nor nat­u­ral

The Weekend Australian - Review - - Books -

alist in­stincts that served the an­cient an­ces­tors well. Th­ese the­o­ries are un­likely to sit well with any­one bat­tling with the dis­tress of men­tal ill­ness but they do have ex­cel­lent po­ten­tial as ma­te­rial for a con­tem­po­rary psy­cho­log­i­cal thriller.

The prob­lem is that Tor­day’s novel is nei­ther psy­cho­log­i­cally res­o­nant nor thrilling. In­stead of com­mit­ting to the dra­matic de­mands of his sub­ject, he dis­si­pates most of its sus­pense from the out­set by giv­ing away Michael’s mo­ti­va­tions: we are left only to dis­cover the how, not the why, dis­mem­ber­ing fur­ther the con­ven­tional sto­ry­line tra­jec­tory for a nar­ra­tive deal­ing with his­tor­i­cal ma­te­rial.

It is a rather dis­ori­ent­ing ex­pe­ri­ence for the reader, de­lib­er­ately so, it seems.

To add fur­ther con­fu­sion to what is now a kind of nar­ra­tive soup, Boyle confounds the reader fur­ther by adding into the mix a fic­tional nar­ra­tor: the el­e­gant, sar­donic, de­light­ful Tadashi Sato, a for­mer stu­dent of Wright’s, whose voice and opin­ions are recorded in a se­ries of of his ill­ness. In ad­di­tion, Tor­day seems un­able to es­cape from the gen­tly hu­mor­ous mode of his wildly suc­cess­ful mid­dle-age change-of-life de­but novel, Sal­mon Fish­ing in the Ye­men, which won the 2007 Wode­house Prize for com­edy. ( P. G.’ s sur­name, co­in­ci­den­tally, is prob­a­bly a deriva­tion of the mythic Wood­wose.)

The Girl on the Land­ing , his third, spends most of its time in the ter­ri­tory of light ro­man­tic com­edy. El­iz­a­beth, who shares the nar­ra­tion with Michael, is a more whiny ver­sion of Brid­get Jones, with a boss from hell and a mother who falls for a con­niv­ing dog-food sales­man. She seems to re­main as­ton­ish­ingly un­con­cerned by Michael’s med­i­cal his­tory be­cause he takes her on a Ro­man mini-break. The novel also de­votes much of its length to chaffing the rule books, reso­lu­tions and golf tour­na­ments of Grouch­ers.

It is lit­tle won­der, with nar­ra­tive and psy­cho­log­i­cal mo­men­tum flatlin­ing, that Tor­day has to ap­ply the de­fib­ril­la­tors in the last pages of his novel, which takes a sud­denly blood­thirsty turn. Tor­day even soups up the for­got­ten gothic trap­pings of its open­ing as the mys­te­ri­ous Lamia re­veals her­self — to any­one who has not re­called their Keats or googled her most un­usual name — as an­other an­cient fig­ure, the child­mur­der­ing, half-fe­male, half-ser­pent de­mon of Greek myth.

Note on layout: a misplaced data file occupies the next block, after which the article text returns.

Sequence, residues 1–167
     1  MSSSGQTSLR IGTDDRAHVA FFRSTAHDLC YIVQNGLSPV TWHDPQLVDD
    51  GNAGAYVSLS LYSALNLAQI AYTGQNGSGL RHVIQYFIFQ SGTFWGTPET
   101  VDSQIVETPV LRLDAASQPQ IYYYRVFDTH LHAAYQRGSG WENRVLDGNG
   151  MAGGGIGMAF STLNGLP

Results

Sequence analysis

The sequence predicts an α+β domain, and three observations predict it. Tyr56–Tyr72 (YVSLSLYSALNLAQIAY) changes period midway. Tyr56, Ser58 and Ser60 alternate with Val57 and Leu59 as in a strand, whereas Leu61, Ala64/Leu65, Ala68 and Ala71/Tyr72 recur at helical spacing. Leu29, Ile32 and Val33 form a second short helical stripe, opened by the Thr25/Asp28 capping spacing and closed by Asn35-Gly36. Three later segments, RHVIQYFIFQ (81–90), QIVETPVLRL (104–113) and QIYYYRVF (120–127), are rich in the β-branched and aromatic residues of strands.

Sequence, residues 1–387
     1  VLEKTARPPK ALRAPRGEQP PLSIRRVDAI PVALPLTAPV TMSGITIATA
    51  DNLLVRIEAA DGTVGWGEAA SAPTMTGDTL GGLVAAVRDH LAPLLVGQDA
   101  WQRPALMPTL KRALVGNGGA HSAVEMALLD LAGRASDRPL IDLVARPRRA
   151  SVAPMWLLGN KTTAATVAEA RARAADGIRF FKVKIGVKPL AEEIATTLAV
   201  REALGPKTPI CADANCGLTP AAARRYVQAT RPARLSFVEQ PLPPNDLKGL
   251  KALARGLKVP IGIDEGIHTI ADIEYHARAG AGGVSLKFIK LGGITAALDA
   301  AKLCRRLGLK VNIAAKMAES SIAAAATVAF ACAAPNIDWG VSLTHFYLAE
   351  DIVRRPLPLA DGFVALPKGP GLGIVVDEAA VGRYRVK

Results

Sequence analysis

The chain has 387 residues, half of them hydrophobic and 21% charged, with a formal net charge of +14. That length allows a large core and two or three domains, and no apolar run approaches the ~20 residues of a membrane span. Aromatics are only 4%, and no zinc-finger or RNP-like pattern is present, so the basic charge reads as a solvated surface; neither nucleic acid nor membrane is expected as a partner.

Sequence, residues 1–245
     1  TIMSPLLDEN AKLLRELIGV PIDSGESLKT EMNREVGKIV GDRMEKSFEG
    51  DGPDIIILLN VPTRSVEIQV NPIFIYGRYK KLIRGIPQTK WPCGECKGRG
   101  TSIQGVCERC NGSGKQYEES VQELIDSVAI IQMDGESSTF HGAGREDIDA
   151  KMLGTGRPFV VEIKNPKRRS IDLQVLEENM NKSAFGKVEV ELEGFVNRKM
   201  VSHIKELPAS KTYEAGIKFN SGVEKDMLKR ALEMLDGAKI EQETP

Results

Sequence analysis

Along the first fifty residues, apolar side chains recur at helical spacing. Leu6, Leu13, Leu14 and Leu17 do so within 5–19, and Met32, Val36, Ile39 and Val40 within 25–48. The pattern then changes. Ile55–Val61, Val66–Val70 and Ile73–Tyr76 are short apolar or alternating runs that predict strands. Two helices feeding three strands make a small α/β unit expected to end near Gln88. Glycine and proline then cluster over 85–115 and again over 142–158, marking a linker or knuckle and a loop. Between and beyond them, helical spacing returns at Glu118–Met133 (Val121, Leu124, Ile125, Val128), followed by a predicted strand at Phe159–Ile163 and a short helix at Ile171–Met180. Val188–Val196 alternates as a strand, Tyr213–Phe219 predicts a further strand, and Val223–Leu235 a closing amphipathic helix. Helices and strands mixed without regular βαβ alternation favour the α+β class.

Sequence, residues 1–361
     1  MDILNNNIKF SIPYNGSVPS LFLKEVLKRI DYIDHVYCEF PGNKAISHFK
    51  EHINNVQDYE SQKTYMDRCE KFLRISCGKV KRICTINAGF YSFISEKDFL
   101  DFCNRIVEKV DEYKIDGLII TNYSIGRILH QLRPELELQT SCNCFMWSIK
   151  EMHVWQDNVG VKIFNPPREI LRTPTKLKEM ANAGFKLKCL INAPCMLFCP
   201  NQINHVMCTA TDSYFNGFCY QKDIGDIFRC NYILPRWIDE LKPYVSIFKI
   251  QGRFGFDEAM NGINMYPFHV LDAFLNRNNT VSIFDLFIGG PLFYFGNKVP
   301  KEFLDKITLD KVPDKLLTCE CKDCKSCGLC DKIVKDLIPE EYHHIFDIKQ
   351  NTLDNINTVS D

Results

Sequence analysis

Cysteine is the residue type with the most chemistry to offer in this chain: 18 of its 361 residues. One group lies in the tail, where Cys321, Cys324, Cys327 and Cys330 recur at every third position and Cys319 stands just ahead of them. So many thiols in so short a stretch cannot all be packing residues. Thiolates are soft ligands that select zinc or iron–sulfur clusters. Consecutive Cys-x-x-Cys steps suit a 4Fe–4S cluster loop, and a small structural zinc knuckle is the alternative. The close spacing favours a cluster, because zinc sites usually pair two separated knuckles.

The Girl on the Land­ing re­tains many of the el­e­ments that worked well in Sal­mon Fish­ing in the Ye­men: al­ter­nat­ing nar­ra­tive view­points, the theme of es­cape from a stul­ti­fy­ing mar­riage, and so­cial satire. This novel also fol­lows his first in be­ing a kind of Shirley Valen­tine for men, freight­ing the reawak­en­ing of a mid­dle-aged plod­der with just enough hard sci­ence to con­vince the male reader he is not read­ing a ro­mance, at least for its first three-quar­ters.

Yet one also feels that di­verse el­e­ments ( sal­mon prop­a­ga­tion, the can-do pol­i­tics of the Blair gov­ern­ment, mend­ing re­la­tions be­tween the Mid­dle East and the West) came to­gether or­gan­i­cally in Tor­day’s de­but novel. Here he seems to be try­ing to work from a for­mula.

In this case, de­spite his flir­ta­tion with the su­per­nat­u­ral, the magic does not come. Delia Fal­coner is the ed­i­tor of Best Aus­tralian Sto­ries 2008 and The Pen­guin Book of the Road. foot­notes Boyle has con­cocted to com­ment on the text and the action.

Com­pli­cat­ing mat­ters even fur­ther, the reader is then given to un­der­stand that it is Tadashi and his grand­son-in-law Sea­mus O’Fla­herty ( an­other fic­tion) who have writ­ten this en­tire nar­ra­tive, one which they had in fact com­pleted in 1979.

It is some­where in the mid­dle of all this nar­ra­tive mud­dle, th­ese 450 pages of lit­er­ary game-play­ing and fic­tion-mak­ing non­senses, that the reader gives up.

For in the midst of all the shenani­gans the most im­por­tant fig­ure of all, the man him­self, Frank Lloyd Wright — or Wri­eto-San, as Tadashi re­spect­fully calls him through­out the novel — be­gins to fade into the back­ground.

He is there, of course, a fig­ure that wafts through the book in that swirling black cape and that cocky black beret, ar­ro­gant, selfish and naive, but he is there not so much as a char­ac­ter but more as an au­tho­rial de­vice, a cat­a­lyst rather than the very heart and soul of The Women.

The great ar­chi­tect, the rev­o­lu­tion­ary, the lover, the re­cal­ci­trant, the vol­canic ge­nius of leg­end and his­tory emerges from the text a cliche; and a ba­nal, self-cen­tred, rather silly one at that.

Boyle’s At­las might not have shrugged but, in the end, this reader did.

An­gela Ben­nie is a Syd­ney jour­nal­ist.

Il­lus­tra­tion: Sturt Krygsman

Newspapers in English

Newspapers from Australia

© PressReader. All rights reserved.